The basic premises of a religious analysis might be that there is an instinctual dynamism, a libidinal urge, that seeks the Other. This urge weaves through all aspects of our internal and external relatedness. Relatedness, or the urge for it, underlies our everyday interactions with each Other.
Our relatedness to that which is both wholly and holy Other forms the sacred aims of psychic life. Our relatedness to each Other weaves humanity together. Our relatedness to the manifold beings of the earth comprises our world. Some have realized that there is even a relatedness within the Self: a seeking of the Self, that is the becoming of a Self within this world– of Self and Others.
Religious analysis might seek to suss out and follow the deep logic of our seeking, of our relatedness. On the one hand we are multiple, a world of Selves and Others. And on the other, there is a unity, a shared essence. These two poles of being form a cosmic psycho-dynamic, the pulsation of being and becoming.
Working with such psycho-spiritual-dynamics might lead us to an understanding of the most subtle forms of spitting and integration: we are One and many; we are capable of knowing ourselves individually and collectively; we seek an Other and in the end find that they are, in essence, so very very close to our own Self. This is the Coniunctio Oppositorium of psychic life.
If intuited and reconciled, then such oppositions and unifications become the systole and diastole of mind– expressing primal pulsation of the Self. This is is an spiritual understanding that Jung’s work almost achieved. And even if not explicit in his work, it is found in the subtle language of art, of his dreams, expressed in his vague notions of ‘Self-realization.’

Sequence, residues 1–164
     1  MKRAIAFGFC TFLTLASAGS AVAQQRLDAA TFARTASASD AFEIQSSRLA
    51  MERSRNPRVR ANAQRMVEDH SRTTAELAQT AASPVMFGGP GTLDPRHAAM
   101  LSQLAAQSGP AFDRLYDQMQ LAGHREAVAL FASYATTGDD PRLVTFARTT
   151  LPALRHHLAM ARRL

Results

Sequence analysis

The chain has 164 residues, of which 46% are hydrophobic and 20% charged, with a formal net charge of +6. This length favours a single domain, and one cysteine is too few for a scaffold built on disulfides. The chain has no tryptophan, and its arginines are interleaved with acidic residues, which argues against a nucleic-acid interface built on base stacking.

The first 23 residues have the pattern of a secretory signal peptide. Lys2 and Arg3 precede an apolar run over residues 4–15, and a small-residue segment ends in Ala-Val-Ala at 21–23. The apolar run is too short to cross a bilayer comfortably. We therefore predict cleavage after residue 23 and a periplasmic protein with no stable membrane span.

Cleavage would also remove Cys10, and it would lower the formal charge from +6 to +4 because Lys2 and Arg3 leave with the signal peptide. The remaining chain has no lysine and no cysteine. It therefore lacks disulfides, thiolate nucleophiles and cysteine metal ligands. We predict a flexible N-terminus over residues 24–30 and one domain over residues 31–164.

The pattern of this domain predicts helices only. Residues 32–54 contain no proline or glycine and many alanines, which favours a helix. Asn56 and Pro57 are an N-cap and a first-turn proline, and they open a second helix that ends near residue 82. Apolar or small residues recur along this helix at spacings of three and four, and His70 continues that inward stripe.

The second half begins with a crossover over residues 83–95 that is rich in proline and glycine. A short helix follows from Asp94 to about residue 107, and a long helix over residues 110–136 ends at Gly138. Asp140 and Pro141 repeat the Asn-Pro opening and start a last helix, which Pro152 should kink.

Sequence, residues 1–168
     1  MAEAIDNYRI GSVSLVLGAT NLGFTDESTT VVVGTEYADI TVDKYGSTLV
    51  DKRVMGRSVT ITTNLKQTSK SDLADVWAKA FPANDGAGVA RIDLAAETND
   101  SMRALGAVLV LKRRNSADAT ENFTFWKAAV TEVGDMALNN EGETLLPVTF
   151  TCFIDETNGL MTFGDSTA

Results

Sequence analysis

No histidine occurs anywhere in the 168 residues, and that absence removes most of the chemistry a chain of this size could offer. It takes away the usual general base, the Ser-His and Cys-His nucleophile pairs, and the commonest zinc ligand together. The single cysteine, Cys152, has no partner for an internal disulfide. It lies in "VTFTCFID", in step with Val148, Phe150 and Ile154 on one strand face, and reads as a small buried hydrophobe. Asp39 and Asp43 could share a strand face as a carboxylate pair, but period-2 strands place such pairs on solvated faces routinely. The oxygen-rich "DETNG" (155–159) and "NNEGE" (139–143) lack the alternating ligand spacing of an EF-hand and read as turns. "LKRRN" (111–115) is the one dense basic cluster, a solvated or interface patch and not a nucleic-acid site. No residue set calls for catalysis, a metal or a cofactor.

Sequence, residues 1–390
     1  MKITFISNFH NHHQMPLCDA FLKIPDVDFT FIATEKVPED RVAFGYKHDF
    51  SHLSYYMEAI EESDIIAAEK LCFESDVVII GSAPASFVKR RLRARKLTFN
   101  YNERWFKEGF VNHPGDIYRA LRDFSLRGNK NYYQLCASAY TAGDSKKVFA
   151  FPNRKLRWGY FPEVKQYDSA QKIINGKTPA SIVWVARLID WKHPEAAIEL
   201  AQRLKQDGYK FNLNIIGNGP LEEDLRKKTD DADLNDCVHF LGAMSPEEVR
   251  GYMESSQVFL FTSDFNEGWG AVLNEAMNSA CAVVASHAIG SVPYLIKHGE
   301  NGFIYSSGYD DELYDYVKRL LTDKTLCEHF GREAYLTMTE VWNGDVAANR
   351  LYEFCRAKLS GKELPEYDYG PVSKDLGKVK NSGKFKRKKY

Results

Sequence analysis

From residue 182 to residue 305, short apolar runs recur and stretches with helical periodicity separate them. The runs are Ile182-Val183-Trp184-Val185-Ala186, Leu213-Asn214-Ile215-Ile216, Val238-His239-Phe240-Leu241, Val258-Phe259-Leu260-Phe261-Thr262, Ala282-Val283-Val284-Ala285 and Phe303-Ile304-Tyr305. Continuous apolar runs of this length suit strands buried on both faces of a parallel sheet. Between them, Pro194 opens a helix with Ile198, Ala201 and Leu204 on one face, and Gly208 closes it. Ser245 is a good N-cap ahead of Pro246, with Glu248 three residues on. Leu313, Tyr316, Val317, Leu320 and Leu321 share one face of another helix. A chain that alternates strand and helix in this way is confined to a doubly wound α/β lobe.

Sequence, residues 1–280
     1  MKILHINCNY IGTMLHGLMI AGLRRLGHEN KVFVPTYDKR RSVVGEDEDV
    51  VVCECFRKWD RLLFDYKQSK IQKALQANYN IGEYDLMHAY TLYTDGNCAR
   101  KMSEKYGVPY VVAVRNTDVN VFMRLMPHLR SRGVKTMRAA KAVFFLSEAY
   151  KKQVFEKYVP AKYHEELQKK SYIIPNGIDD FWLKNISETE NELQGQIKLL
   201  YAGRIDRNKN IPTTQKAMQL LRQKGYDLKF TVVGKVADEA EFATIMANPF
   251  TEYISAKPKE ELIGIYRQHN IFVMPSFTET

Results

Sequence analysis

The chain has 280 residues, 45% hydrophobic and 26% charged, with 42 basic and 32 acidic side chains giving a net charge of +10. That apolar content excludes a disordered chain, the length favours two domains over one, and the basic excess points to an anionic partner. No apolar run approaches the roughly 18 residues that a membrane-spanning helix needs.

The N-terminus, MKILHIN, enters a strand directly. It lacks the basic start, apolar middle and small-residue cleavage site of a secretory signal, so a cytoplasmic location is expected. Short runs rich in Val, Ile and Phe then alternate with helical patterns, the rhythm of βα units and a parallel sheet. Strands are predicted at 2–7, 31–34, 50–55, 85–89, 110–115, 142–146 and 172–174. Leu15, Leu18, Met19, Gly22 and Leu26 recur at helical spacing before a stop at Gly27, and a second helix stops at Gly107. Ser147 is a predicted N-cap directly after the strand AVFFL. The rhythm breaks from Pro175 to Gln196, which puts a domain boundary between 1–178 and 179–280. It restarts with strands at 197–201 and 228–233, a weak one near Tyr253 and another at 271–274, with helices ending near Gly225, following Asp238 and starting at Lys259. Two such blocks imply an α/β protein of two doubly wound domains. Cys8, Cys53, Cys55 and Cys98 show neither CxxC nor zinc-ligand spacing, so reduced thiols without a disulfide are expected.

One way to read Jung is to offer a religious analysis of Jung. To look upon Carl Jung, the man, as a human being dreaming forth the path toward Self-realization, showing us the relational dynamics of Self-realization. On the one hand Carl Jung is a man ‘almost Self-realized.’ On the other hand he is a psychoanalyst, a healer of the human soul. This dual perspective gives Jung a unique preview into the religious dimensions of psychic life: one that is relational, instinctual, spiritual; one that seeks unification of the opposites; one that, subtly, plays with the dynamics of subject and object, Self and Other.
But, to really read Jung, we will have to go beyond Jung. Jung either never achieved, or never spoke from the place of, full Self-realization. Everything in his work hinted at this, everything aimed toward it. It is like speaking of the sun. We can study all the aspects, and placements, and concepts, and myths of the sun. We can know so-very-much about the sun. But, can we realize the sun within our own hearts– the Sun beyond sun which lights our inner world?
It is one task to describe the sun as an object of awareness. It is another task entirely, to realize the inner Sun as the light of awareness. Jung showed us the sun that is both inner and outer. Jung showed us the path toward the inner Sun. Jung showed us that the sun is a light: a light that may guide our way, even if there is no sun at all. It is another task entirely to realize that light as the light of one’s own awareness. It is this light of awareness that I seek to know.
From a place of awareness, we may re-think the archetypes in relation to the Self. From awareness, we may re-think the instincts and libido as the energy of the Self. From awareness, we may better understand the true nature of all object relations, of all seeking, and longing, and love– as a cosmic pulsation, the cosmic play of awareness.
Carl Jung, CW 5, Symbols of Transformation (1956)– a revision of (1912) Psychology of the Unconscious.
Note: this post was updated from its original version on 11/6/2015.